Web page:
Etiopathogenesis of cholesteatoma

Eur Arch Otorhinolaryngol. 2004 Jan;261(1):6-24. doi: 10.1007/s00405-003-0623-x. Epub 2003 Jun 27.


Cholesteatoma is a destructive lesion of the temporal bone that gradually expands and causes complications by erosion of the adjacent bony structures. Bone resorption can result in destruction of the ossicular chain and otic capsule with consecutive hearing loss, vestibular dysfunction, facial paralysis and intracranial complications. Surgery is the only treatment of choice. The etiopathogenesis of cholesteatoma, however, is still controversial. This review was designed to understand the reasons for these disparities and to reduce or eliminate them. Future studies focused on developmental, epidemiological, hormonal and genetic factors as well as on treatment are likely to contribute to further understanding of cholesteatoma pathogenesis.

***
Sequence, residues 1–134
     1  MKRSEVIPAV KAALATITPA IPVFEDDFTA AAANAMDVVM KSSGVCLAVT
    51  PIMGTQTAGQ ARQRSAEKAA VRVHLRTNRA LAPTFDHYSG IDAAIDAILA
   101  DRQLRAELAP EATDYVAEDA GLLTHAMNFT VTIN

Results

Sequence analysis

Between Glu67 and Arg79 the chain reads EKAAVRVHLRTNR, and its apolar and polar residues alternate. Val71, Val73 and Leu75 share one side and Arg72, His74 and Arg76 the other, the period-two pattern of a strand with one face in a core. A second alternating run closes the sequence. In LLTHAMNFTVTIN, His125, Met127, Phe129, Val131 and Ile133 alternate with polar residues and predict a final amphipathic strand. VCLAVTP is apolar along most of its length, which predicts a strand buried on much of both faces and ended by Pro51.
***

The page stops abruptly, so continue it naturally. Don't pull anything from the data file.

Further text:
Publication types

  • Review

MeSH terms

  • Antigens, Differentiation / genetics
  • Apoptosis
  • Bone Resorption
  • Cell Cycle
  • Cholesteatoma, Middle Ear / classification
  • Cholesteatoma, Middle Ear / epidemiology
  • Cholesteatoma, Middle Ear / etiology*
  • Cholesteatoma, Middle Ear / pathology*
  • Cytokines / metabolism
  • Extracellular Matrix / genetics
  • Extracellular Matrix / metabolism
  • Growth Substances / genetics
  • Humans
  • Lipid Metabolism
  • Models, Biological
  • Neovascularization, Physiologic / physiology
  • Research
  • Transcription Factors / genetics


  • Antigens, Differentiation
  • Cytokines
  • Growth Substances
  • Transcription Factors